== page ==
Pennsylvania’s Medical Marijuana Act (“MMA”) details in excruciating detail the prescribing limits placed on physicians. New Jersey’s MMA differs from Pennsylvania at the outset by not limiting prescribers to physicians. Any medical professional with DEA prescribing authority may dispense Medical Marijuana. This blog discusses NJ’s proscriptions against all NJ health care professionals who choose to dispense marijuana and patient card holders.
Importantly, the first significant rule is that the list of list of the persons to whom the State issues registry identification cards and their information contained in any application form, or accompanying or supporting document shall be confidential, and shall not be considered a public record and shall not be disclosed except to confirm the legality of their pot possession. Applying for a registration card does not waive physician-patient confidentiality.
As for dispensing health care professionals, a health care practitioner shall not be required to be listed publicly in any medical cannabis practitioner registry as a condition of authorizing patients for the medical use of cannabis. This is a drastic difference from Pennsylvania’s enacted law.
When authorizing a qualifying minor patient who is a minor for the medical use of cannabis, if the treating health care practitioner is not a pediatric specialist, the treating health care practitioner shall, prior to authorizing the patient for the medical use of cannabis, obtain written confirmation from a health care practitioner who is a pediatric specialist establishing, in that health care practitioner’s professional opinion, and following an examination of the minor patient or review of the minor patient’s medical record, that the minor patient is likely to receive therapeutic or palliative benefits from the medical use of cannabis to treat or alleviate symptoms associated with the patient’s qualifying medical condition. If the treating health care practitioner is a pediatric specialist, no additional written confirmation from any other health care practitioner shall be required as a condition of authorizing the patient for the medical use of cannabis.
No authorization for the medical use of cannabis may be issued by a health care practitioner to the practitioner’s own self or to a member of the practitioner’s immediate family.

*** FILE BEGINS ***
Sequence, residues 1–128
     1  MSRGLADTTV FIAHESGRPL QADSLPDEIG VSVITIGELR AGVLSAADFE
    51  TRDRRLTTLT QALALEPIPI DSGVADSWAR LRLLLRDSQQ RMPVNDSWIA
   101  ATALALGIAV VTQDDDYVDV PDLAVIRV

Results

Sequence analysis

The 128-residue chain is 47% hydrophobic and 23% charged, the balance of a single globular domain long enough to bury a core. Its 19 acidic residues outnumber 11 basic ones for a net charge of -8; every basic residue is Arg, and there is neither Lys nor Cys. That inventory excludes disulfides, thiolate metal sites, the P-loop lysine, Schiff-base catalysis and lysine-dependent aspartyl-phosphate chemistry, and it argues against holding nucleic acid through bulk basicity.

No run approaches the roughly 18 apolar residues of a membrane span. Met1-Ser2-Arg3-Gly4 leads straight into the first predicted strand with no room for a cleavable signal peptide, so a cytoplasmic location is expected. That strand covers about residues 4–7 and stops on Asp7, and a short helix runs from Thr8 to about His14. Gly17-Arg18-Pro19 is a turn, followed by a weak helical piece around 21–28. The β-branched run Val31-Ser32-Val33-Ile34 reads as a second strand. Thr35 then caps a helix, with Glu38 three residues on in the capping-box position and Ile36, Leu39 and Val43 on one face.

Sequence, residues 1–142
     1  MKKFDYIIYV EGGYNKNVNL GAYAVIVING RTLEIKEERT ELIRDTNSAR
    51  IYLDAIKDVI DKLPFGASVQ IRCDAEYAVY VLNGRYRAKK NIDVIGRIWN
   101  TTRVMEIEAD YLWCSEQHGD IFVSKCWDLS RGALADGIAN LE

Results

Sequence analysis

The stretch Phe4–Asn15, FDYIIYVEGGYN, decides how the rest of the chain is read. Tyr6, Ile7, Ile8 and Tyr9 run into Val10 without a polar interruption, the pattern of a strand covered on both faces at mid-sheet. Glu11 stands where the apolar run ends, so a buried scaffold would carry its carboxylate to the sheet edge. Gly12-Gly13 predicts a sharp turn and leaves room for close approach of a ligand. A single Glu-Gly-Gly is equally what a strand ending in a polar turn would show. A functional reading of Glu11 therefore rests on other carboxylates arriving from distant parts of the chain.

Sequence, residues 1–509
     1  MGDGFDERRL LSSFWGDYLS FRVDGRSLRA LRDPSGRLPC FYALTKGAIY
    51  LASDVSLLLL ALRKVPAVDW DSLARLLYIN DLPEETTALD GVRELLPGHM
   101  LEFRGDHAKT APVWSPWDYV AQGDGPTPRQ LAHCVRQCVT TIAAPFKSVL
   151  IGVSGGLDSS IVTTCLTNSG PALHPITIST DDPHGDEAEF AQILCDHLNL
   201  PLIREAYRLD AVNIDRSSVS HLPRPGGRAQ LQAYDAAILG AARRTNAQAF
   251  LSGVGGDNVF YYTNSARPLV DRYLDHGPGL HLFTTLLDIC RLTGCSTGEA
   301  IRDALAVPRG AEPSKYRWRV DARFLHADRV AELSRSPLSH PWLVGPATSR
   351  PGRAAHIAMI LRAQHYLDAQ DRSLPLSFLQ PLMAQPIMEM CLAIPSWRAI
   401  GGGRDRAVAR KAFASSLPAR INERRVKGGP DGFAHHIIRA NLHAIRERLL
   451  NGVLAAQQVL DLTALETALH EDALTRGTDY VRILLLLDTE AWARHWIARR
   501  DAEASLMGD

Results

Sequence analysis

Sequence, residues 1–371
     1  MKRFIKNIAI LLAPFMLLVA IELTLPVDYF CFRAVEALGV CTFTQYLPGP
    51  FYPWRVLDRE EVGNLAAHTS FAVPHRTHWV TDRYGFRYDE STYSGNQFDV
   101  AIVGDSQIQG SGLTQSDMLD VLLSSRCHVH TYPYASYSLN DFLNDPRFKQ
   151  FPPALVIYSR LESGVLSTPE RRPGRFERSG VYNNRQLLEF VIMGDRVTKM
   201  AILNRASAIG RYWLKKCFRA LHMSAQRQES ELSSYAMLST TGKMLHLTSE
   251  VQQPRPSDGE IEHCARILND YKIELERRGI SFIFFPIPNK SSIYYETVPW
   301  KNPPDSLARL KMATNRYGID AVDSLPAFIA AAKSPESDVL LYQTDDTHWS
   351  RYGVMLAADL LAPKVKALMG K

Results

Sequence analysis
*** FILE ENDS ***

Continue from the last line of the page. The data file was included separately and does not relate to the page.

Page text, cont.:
These are important but very liberal provisions. Any health care professional may write a prescription for medical marijuana. Confirmation of a medical condition that is LIKELY to receive therapeutic or palliative benefits for marijuana is the medical burden. Pennsylvania’s comparative provision is significantly more stringent. Similar to Pennsyvlania, health care professional can not prescribe pot to themselves or their family.
Ownership of a Medical Marijuana dispensary is a significant legal issue. In Pennsylvania, physicians can not have any owership interest in any verticle aspect of the marijuana manufacturing, production, or supply chain. In NJ, this is extremely different.
Except as provided in subsection b. of this section, no health care practitioner who has authorized a patient for the medical use of cannabis pursuant to within the past 90 days, and no member of such health care practitioner’s immediate family, shall be an interest holder in, or receive any form of direct or indirect compensation from, any medical cannabis cultivator, medical cannabis manufacturer, medical cannabis dispensary, or clinical registrant.
If the health care professional does not prescribe marijuana, they CAN have an ownership interest.
Nothing in subsection a. of this section shall be construed to prevent a health care practitioner from serving on the governing board of a medical cannabis cultivator, medical cannabis manufacturer, medical cannabis dispensary, or clinical registrant, or on the medical advisory board of a medical cannabis cultivator, medical cannabis manufacturer, medical cannabis dispensary, or clinical registrant established pursuant to section 15 of P.L. , c. (C. ) (pending before the Legislature as this bill), or from receiving a reasonable stipend for such service, provided that: